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A Week's Worth

The Dow Jones Industrial Average fell 0.6 percent last week, its biggest tumble since just before Christmas. Analysts blamed concern that the Federal Reserve may not believe itself free to lower interest rates until at least the second half of the year.

Every 10 minutes workers spend discussing the likely outcome of Sunday's Super Bowl on company time will cost the nation's employers as much as $162.1 million in lost productivity, the outplacement specialist Challenger, Gray & Christmas estimates. And that doesn't count gathering around the water cooler on the morning after for postgame analysis.

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The use of so-called "social media" – blogs, wikis, online videos, podcasts, MySpace, message/bulletin boards – by American corporations "is racing far ahead" of predictions, the Center for Marketing Research at the University of Massachusetts at Dartmouth shows. It surveyed companies ranked by Inc. magazine among the 500 fastest-growing and found that 2 out of 3 rated social media as "very" or at least "somewhat" important in their marketing strategies.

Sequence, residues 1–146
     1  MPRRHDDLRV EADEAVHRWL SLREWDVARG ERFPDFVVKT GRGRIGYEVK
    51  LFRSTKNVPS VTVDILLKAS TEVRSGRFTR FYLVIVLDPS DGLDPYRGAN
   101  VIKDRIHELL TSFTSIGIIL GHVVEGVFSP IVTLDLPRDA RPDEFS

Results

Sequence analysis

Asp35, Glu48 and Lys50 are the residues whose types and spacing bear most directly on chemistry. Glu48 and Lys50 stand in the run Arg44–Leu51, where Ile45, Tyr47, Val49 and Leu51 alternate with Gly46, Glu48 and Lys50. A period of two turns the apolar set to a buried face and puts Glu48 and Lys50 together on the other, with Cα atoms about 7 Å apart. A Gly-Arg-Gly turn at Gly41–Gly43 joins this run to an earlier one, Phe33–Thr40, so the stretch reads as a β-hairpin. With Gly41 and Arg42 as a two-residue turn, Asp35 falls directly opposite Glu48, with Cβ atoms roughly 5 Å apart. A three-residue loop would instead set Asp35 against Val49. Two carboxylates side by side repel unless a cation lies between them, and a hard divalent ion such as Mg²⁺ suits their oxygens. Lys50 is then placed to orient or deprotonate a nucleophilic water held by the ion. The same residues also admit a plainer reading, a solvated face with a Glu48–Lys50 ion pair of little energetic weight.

Haven't been to a movie lately? If you're like the majority of respondents to a new survey, your No. 1 reason isn't the content of the films Hollywood has been producing, it's that you want cheaper seats. Eighty-six percent of respondents to a PA Consulting Group poll said they want ticket prices that are easier on the wallet. At the same time, 60 percent said they'd prefer reserved seating.